March 25th 2000


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Articles from this issue:

EDITORIAL: Telstra - is there another way forward?

COVER STORY: Aged Care: where to from here?

BOOKS: 'The High Price of Heaven', by David Marr

TAIWAN: Taiwan election presents new challenge for Beijing

ECONOMICS: World economy: the rhetoric, the reality

PAKISTAN: Feudalism: root cause of Pakistan’s malaise

BUSINESS: Innovation, technology and the forces of change

Letter: Free trade and predatory policies

AS THE WORLD TURNS

AGRICULTURE: How government kick-started land settlement

LAW: No Native Title on mining leases: Federal Court

POLITICS: SA swings away from major parties

FAMILY: Mr Howard’s "forgotten people": Australia’s families

JUSTICE: The facts behind the furore on mandatory sentencing

COMMENT: The war against drugs is not lost it was never started

CANBERRA OBSERVED: Immigration policy: whose view will prevail?

Letter: Federal control of resource development

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Letter: Free trade and predatory policies


by R.A. D'Arcy

News Weekly, March 25, 2000

Sir,

May I comment on M. Hassed's letter on free trade in News Weekly (March 11, 2000).

Extremes in economic policy are neither practical nor useful. Pursued to its limit, unrestricted free trade simply leads to the industrial and commercial barons going flat out until monopolies and oligopolies become rampant predators.

This was exemplified in oil and rail in 19th and 20th Century America. We are seeing a similar trend in banking and communications emerging in Australia now.

Extreme application of protectionist policies, however, can also cause harm.

No sensible country pursues a policy which is largely to its detriment. If one were to apply a free trade policy based on comparative advantage rigorously to the Australian economy, only some rural and mining industries, perhaps some tourism, would survive.

Manufacturing industry would largely disappear, unemployment would increase further and prove intractable.

We would become, once more, highly dependent on overseas suppliers for all manner of goods. Our labour force would become even more unskilled, and opportunities for developing many talents would vanish.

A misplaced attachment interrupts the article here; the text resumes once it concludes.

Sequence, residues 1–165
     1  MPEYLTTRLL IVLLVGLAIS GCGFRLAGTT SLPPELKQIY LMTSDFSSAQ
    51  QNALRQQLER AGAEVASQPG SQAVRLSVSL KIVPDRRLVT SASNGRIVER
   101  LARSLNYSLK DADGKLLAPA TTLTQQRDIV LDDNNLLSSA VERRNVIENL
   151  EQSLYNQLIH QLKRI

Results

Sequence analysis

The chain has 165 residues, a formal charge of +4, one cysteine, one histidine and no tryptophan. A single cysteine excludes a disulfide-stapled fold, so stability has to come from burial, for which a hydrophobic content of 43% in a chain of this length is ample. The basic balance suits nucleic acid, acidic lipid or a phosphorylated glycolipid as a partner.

The much-maligned Tariff Board in Australia did not aim to protect all industry which sought assistance.

What it did was to apply criteria in an attempt to help industries which had reasonable prospects of success by giving aid. This was to overcome cost disadvantages arising from the general state of the economy, compared with that of overseas suppliers.

Pretty clearly, some industries could only succeed with massive assistance, and were refused. Others could develop - and did - with moderate assistance.

Most countries understand they need a wide area of feasible economic activity if the aspirations of their citizens are to be met and if development is to occur.

It is unreasonable to expect that a country with a small population, a vast area and high wages can survive without some policies offsetting the many cost advantages mature and developed economies enjoy, through their development and higher population contributions.

R.A. D'Arcy,
Burleigh Waters, Qld


  • Editor's Note: The writer worked for some 25 years at the Tariff Board, later the Industries Assistance Commission, in both research and projects.




























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